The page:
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The tempo and mode of angiosperm mitochondrial genome divergence inferred from intraspecific variation in Arabidopsis thaliana




Wu, Zhiqiang, author
Waneka, Gus, author
Sloan, Daniel B., author
Genetics Society of America, publisher

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The mechanisms of sequence divergence in angiosperm mitochondrial genomes have long been enigmatic. In particular, it is difficult to reconcile the rapid divergence of intergenic regions that can make non-coding sequences almost unrecognizable even among close relatives with the unusually high levels of sequence conservation found in genic regions. It has been hypothesized that different mutation/repair mechanisms act on genic and intergenic sequences or alternatively that mutational input is relatively constant but that selection has strikingly different effects on these respective regions. To test these alternative possibilities, we analyzed mtDNA divergence within Arabidopsis thaliana, including variants from the 1001 Genomes Project and changes accrued in published mutation accumulation (MA) lines. We found that base-substitution frequencies are relatively similar for intergenic regions and synonymous sites in coding regions, whereas indel and nonsynonymous substitutions rates are greatly depressed in coding regions, supporting a conventional model in which mutation/repair mechanisms are consistent throughout the genome but differentially filtered by selection. Most types of sequence and structural changes were undetectable in 10-generation MA lines, but we found significant shifts in relative copy number across mtDNA regions for lines grown under stressed vs. benign conditions. We confirmed quantitative variation in copy number across the A. thaliana mitogenome using both whole-genome sequencing and droplet digital PCR, further undermining the classic but oversimplified model of a circular angiosperm mtDNA structure. Our results suggest that copy number variation is one of the most fluid features of angiosperm mitochondrial genomes.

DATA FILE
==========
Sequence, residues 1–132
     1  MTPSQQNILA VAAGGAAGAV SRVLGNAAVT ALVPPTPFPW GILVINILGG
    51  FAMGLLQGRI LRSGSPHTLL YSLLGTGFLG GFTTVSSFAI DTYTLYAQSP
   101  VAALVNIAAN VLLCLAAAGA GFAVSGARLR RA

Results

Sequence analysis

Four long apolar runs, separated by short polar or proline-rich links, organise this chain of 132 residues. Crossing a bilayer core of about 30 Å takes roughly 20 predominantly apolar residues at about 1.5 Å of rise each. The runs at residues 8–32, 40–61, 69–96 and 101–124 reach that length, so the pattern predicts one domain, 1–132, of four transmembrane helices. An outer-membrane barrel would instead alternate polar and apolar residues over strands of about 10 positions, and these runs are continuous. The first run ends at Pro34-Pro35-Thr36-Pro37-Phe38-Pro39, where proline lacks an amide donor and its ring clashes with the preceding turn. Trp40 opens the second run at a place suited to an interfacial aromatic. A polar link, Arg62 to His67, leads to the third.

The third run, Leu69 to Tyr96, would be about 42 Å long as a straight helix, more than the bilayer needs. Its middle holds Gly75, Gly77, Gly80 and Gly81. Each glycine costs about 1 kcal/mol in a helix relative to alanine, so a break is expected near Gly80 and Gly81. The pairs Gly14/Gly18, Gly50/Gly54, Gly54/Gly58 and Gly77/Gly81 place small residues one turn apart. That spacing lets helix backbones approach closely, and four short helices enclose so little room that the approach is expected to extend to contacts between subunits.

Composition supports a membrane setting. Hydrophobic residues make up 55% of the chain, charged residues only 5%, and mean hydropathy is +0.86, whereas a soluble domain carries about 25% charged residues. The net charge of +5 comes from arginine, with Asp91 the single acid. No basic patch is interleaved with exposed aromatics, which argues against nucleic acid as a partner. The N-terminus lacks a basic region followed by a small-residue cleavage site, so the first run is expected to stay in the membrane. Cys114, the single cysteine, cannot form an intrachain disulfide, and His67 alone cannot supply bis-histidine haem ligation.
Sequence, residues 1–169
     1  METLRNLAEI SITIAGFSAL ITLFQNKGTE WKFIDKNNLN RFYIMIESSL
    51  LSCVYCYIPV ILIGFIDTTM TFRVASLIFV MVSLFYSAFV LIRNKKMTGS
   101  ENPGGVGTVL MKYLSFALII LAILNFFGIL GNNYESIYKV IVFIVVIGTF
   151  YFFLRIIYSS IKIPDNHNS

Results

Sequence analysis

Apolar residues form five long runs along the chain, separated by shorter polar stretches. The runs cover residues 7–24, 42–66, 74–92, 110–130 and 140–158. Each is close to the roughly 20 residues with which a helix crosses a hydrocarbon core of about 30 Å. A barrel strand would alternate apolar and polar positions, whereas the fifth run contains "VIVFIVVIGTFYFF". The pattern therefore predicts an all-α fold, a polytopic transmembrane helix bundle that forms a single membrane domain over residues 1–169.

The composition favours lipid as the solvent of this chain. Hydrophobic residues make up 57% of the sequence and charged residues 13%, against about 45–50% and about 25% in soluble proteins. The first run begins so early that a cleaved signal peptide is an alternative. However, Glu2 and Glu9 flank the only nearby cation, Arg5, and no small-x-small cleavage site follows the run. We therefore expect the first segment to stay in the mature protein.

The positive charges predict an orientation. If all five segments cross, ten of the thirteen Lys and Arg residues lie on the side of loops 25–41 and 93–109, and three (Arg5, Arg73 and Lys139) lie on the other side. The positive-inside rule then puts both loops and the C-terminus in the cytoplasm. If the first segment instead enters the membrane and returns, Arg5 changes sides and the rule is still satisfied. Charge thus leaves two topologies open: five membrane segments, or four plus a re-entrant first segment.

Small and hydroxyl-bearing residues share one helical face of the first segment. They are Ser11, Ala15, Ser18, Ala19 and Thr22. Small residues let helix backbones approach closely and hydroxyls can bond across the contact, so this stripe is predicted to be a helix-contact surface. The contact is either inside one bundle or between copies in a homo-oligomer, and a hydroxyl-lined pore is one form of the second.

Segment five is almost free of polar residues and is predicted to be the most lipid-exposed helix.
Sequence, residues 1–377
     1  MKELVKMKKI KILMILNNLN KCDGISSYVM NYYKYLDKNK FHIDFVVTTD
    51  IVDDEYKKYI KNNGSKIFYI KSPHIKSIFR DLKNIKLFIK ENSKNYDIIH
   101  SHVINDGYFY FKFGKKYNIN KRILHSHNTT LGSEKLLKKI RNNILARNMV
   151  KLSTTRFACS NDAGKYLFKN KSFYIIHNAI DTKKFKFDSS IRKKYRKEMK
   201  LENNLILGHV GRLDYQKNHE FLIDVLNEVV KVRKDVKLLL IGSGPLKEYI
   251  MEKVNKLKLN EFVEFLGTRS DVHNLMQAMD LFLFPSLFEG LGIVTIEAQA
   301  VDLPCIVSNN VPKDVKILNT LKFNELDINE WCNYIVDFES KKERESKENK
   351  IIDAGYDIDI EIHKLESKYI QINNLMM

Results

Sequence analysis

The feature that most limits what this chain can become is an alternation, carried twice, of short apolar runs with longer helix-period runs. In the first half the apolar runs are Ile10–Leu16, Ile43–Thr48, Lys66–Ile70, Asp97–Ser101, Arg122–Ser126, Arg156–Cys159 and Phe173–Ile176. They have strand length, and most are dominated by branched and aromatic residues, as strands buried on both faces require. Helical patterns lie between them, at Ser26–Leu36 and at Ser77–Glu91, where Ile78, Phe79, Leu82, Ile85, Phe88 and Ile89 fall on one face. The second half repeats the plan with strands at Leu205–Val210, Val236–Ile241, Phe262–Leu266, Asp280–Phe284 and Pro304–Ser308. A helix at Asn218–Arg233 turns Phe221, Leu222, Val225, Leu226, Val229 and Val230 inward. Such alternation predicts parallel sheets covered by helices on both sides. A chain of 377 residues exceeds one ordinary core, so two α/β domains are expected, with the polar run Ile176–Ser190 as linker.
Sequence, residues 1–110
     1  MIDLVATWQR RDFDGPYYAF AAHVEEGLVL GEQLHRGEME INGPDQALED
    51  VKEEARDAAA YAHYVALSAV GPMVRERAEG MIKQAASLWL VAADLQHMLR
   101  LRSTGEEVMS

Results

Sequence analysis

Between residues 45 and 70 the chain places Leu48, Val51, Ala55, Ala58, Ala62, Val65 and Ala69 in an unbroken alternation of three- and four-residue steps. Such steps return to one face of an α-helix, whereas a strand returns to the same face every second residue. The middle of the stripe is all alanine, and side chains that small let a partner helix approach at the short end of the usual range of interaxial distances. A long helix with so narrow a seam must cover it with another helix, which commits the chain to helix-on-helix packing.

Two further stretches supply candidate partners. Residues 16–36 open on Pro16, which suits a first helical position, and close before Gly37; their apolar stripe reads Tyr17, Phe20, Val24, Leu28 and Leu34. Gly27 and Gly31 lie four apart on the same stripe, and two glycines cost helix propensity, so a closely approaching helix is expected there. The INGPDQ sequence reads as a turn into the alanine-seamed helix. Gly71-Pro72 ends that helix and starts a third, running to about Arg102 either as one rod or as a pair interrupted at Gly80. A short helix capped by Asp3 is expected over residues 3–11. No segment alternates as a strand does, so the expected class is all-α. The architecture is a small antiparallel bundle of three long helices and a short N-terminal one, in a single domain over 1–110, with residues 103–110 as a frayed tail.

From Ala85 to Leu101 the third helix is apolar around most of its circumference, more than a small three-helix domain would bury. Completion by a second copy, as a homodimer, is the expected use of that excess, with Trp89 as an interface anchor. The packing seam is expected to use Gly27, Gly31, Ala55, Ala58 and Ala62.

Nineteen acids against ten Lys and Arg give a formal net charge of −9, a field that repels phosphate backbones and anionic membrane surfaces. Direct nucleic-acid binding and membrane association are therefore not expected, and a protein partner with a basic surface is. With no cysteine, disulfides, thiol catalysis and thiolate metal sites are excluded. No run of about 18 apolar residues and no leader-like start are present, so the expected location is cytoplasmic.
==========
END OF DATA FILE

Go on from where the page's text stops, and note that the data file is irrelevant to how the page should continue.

January 21, 2020.

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copy number variation
mutation accumulation line
mutation rate
single nucleotide polymorphisms


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